They say you never forget your first love.
My experience says this is true; even if it’s your fault that love didn’t work out the first time around.
After all, I’ve found a way to give that first love a second chance. But first, we should start at the beginning.
The thing is, when I was given an opportunity to learn an instrument in sixth grade, my first love was to play the drums.
Being impressionable and wanting to follow in the footsteps of my older step-brother, I chose the trumpet instead and was never actually any good at it, but my interest in drums and percussion never ceased.
With advances in technology I can still apply my ear to drums however, and thought this would be a good opportunity to give an insight in how I do this with the song “Roused” which will be featured on the soundtrack for my next book, “By Fang or Feather”.
The song itself has no shortage of attitude, but instrumentally the song is heavily orchestrated with piano, strings, brass and woodwinds strategically arranged in the song along with the distorted guitars, bouncing bass lines, sound effects and spoken word vocal delivery.
Even what amounts to be a very short guitar solo is a musical interpretation of the battle alluded to in the verse that directly precedes it. That section of the song acts as an underscore of the tension of the fight releasing into the hero rising in triumph at the end along with the brass and woodwind instrumental accompaniment.
We were here to talk about the drums.
Well, those were orchestrated as well.
Since I primarily operate alone even when writing music in character, I use royalty free music and drum beats to add flavor to my tracks in a way that’s outside my own creative thinking. Kind of like bringing in someone else’s talents in on consult and for the first time ever, I’m letting you hear how I orchestrated the beat for Roused which is a bit more complex than you might first imagine.
Below is an excerpt of the first 43 seconds of the original royalty free beat I began writing the music around.
From this beat, I began twisting and mangling the basic beat with other royalty free beats to create ghost notes and alternate snare hits to mimic the different tones you get by hitting the drums with different levels of force on different portions of the drum head.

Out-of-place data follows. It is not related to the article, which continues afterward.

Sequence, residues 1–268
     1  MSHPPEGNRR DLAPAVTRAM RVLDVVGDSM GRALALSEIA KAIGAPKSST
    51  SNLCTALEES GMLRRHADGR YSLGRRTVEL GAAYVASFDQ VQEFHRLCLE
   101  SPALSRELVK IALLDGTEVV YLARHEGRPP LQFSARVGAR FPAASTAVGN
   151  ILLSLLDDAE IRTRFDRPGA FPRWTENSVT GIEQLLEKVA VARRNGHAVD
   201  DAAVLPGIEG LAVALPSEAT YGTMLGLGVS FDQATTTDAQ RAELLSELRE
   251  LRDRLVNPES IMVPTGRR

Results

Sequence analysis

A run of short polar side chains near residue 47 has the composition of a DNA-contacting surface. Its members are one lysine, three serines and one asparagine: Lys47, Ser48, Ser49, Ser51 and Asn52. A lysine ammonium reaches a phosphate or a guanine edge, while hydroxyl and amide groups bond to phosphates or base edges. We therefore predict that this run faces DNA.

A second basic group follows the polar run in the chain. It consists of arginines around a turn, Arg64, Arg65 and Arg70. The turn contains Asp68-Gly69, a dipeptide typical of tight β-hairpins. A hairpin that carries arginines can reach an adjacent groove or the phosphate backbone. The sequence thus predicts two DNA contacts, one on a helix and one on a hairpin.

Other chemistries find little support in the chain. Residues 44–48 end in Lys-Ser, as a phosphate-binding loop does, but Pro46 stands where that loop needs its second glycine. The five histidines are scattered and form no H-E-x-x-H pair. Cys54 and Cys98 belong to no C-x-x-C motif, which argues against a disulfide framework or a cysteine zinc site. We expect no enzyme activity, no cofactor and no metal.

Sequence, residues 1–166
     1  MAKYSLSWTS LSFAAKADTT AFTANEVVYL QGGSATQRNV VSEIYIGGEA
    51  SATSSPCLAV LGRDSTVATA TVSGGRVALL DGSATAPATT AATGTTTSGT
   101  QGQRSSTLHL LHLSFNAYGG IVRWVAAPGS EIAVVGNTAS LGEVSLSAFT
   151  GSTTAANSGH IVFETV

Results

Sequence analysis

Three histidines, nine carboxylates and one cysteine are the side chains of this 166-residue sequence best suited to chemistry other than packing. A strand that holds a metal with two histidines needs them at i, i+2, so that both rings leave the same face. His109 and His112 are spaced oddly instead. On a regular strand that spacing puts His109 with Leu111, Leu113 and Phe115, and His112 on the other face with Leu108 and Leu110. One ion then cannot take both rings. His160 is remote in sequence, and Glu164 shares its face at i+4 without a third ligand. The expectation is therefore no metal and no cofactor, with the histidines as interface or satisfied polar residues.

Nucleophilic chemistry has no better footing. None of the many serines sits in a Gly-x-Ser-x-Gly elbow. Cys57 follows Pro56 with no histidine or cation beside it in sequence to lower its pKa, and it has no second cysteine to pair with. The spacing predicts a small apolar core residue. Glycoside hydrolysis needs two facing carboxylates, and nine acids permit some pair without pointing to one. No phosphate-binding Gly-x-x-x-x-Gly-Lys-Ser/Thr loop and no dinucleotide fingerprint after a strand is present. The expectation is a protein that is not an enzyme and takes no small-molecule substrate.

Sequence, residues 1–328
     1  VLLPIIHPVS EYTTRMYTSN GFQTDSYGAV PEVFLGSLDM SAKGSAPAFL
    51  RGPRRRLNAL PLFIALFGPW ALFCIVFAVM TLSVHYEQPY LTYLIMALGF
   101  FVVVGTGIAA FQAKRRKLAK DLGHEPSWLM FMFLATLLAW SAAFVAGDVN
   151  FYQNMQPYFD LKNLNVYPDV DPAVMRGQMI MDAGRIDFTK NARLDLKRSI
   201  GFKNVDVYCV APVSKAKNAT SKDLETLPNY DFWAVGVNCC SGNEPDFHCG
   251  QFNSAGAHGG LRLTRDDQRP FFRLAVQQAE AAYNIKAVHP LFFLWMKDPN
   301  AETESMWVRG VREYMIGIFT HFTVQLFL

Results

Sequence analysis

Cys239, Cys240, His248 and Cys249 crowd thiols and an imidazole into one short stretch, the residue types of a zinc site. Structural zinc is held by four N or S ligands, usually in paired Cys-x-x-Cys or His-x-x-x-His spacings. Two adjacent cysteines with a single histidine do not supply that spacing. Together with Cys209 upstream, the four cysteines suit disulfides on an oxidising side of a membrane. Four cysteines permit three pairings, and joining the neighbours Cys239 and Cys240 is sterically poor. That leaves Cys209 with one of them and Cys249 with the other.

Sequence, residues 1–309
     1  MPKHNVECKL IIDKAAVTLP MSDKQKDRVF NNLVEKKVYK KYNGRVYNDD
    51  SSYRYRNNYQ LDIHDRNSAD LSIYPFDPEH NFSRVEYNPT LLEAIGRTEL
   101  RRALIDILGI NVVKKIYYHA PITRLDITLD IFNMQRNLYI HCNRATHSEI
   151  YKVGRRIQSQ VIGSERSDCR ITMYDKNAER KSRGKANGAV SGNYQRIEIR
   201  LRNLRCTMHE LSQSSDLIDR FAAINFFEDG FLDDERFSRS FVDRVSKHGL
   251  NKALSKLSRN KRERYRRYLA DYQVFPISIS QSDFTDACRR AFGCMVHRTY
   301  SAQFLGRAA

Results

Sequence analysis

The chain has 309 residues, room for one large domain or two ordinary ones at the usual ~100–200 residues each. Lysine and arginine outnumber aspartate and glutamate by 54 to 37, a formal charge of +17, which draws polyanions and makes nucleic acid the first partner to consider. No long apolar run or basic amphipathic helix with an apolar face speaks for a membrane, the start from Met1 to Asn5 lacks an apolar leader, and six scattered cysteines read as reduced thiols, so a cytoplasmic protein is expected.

There’s also a sort of brush kit effects element blended in. After all, the drums and percussion of this song is orchestrated just like the other elements. It isn’t necessarily meant to sound like a single drummer is playing at one time.
These accents are orchestrated to both support and drive the musical accompaniment of the other instruments in the song.
While having these elements are nice, there still needed to be that basic bounce coming from the relationship between the bass or kick drum and the snare.
Using three more kick drum tracks and two more snare tracks.
Why so many tracks for the same elements?
Well, since I’m using found sounds, I don’t have the option of mic’ing the drums to get the sound I’m looking for. So I find my drum sounds by finding the individual kick drum and snare drums sounds that fulfill part of my vision and then eq out the frequencies I don’t want to craft the final sound.
This is where the kick drum and snare both get their fullness with a hint of attack.
Below is what the drums sound like with all of the elements playing the first 43 seconds of Roused together.
Naturally, I wouldn’t bring you all this way without letting you hear what the drums sound like in the song.
But first, a little background. This version of the song is a demo version of the song which means that this was a rough mix I created to get an idea of what was working and what was missing from the song.
When I do the final mix of the song, some of my decisions will be made on the fly, but others will have been pieces of the demo or rough mix of the song that I think I can improve upon to make the song move the listener’s ear and heart in the directions I’m hoping he or she will travel in while listening to it.
I hope that you’ve found this kind of insight into the making of my music interesting, but before I let you go, one more thing.